Dad was in his lab this morning—it’s where he hides when he wants to avoid questions. Mom fussed over me, all the while pretending she couldn’t hear anything I asked. I’m no closer to any answers about what I overheard last night. On top of that, I still can’t believe my parents enrolled me in school. I don’t understand Mom and Dad’s reasoning for no longer homeschooling me, but it’s done and they aren’t budging. It’s my first day at Blue Mountain Mission School, and I’m already tired. Who can sleep with the world’s fate hanging over them?
I can get through this. I repeat the words like a mantra in my head. The truth is, I don’t want this. None of it. I want to go back to homeschooling. I’ll try one more time to convince Mom to let me finish high school at home but I don’t really expect it to do any good.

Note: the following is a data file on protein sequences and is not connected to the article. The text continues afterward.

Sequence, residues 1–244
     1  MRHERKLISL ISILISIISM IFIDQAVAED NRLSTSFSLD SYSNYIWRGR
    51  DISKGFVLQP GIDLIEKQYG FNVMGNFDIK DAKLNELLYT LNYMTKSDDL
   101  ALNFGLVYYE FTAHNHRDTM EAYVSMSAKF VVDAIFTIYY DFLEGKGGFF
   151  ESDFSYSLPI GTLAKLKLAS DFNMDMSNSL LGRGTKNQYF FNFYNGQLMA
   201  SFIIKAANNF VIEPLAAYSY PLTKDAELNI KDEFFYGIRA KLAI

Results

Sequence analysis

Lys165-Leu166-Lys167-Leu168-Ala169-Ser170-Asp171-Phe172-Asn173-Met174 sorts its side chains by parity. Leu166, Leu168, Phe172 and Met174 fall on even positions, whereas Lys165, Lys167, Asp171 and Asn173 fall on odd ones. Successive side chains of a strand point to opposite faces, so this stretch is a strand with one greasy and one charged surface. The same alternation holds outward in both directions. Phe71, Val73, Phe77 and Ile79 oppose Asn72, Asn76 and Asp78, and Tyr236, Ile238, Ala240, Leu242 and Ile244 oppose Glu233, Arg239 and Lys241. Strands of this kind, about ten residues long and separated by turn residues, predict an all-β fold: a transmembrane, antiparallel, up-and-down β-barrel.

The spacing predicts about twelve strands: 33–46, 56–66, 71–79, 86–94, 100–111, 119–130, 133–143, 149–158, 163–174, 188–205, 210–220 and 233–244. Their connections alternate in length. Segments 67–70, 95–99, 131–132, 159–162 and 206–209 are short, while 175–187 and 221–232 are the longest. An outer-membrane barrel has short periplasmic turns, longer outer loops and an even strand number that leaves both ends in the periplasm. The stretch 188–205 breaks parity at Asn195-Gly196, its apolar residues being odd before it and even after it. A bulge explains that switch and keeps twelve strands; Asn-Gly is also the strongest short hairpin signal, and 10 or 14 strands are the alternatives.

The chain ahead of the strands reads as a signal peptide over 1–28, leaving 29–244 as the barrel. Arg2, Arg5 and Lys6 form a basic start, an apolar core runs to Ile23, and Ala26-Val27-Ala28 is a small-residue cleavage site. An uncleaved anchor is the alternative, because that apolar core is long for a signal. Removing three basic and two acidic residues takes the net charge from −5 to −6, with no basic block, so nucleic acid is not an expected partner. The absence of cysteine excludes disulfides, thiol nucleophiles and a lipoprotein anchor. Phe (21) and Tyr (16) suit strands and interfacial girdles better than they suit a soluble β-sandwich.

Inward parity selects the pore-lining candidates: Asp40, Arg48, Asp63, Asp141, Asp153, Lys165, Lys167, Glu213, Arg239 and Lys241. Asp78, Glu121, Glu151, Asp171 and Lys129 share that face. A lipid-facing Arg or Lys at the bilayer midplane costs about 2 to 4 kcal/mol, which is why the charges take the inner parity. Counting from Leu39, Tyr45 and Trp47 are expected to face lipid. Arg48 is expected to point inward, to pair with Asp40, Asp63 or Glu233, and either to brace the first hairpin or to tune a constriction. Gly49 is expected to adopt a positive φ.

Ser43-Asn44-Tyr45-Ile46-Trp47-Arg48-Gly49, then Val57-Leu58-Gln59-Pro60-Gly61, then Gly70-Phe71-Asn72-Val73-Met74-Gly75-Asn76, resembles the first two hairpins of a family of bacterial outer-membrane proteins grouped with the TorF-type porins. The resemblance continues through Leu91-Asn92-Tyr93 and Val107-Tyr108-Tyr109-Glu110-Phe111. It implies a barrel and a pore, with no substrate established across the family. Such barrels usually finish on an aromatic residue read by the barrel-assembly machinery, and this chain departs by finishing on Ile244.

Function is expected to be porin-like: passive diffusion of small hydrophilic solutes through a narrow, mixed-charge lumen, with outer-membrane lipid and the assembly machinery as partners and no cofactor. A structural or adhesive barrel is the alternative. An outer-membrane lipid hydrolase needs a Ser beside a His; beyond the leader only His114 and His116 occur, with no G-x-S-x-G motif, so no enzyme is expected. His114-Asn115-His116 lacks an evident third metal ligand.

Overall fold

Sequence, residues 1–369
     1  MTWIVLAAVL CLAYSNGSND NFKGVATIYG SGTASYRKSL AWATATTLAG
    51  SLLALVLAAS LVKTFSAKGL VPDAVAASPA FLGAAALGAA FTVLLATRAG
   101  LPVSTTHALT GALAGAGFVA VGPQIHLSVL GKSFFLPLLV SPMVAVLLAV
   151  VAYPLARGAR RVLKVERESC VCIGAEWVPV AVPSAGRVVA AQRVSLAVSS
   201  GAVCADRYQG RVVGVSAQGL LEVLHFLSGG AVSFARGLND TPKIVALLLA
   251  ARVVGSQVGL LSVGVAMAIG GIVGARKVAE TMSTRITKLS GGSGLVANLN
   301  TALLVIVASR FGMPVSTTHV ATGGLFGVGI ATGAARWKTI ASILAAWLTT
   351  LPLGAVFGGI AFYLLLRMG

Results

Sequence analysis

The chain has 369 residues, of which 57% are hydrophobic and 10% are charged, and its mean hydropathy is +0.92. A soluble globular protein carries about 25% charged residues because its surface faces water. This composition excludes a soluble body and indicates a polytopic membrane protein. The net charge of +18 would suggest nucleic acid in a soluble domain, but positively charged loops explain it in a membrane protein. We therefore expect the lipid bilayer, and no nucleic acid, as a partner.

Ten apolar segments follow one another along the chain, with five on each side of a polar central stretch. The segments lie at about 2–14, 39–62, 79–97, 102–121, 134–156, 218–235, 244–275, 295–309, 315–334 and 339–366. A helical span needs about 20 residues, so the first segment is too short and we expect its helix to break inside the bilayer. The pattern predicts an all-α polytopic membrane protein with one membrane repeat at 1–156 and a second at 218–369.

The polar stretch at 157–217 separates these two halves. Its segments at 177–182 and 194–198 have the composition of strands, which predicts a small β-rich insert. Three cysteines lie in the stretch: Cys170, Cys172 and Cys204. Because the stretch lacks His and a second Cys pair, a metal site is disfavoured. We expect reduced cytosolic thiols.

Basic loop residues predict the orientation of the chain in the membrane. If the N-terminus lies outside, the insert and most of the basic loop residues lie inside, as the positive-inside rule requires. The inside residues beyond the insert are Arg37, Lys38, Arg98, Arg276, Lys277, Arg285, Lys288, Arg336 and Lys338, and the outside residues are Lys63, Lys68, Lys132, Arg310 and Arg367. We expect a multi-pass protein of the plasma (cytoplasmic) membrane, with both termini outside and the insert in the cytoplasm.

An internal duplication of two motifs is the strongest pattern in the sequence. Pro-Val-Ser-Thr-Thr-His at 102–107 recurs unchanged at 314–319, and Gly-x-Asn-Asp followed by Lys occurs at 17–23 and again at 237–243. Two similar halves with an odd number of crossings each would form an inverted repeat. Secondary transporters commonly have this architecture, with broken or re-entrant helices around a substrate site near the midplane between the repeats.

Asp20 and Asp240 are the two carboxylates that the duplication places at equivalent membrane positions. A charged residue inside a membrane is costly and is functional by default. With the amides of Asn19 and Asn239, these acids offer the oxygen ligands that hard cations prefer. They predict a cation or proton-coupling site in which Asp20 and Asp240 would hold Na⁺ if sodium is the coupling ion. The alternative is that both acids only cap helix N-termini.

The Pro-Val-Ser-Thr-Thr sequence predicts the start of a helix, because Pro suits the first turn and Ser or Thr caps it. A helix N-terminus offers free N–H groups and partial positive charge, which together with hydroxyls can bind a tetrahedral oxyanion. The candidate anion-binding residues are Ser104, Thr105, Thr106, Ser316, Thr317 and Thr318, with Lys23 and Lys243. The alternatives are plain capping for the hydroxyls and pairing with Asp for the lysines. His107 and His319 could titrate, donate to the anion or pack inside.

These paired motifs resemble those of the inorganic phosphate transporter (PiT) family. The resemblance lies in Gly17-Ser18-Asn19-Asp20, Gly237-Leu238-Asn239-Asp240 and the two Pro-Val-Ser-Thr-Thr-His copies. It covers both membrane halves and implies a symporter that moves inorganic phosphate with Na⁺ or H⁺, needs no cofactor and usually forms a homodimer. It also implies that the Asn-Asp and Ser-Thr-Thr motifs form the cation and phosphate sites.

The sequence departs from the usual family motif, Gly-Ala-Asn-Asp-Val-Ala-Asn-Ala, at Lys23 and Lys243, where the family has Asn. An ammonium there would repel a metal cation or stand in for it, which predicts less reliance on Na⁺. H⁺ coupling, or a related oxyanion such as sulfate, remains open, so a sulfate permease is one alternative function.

The lunchroom is crowded with kids I don’t know and probably don’t want to know. I can’t be sure, of course, because I can’t see them clearly. I’m wearing one of Dad’s inventions: a pair of glasses that dampen colors by limiting the wavelengths my eyes can pick up.
“Don’t take them off, even for glances, Jewel,” he’d said when he gave them to me. “It’s important that you don’t see everyone’s auras and equally important that no one see your eyes.”
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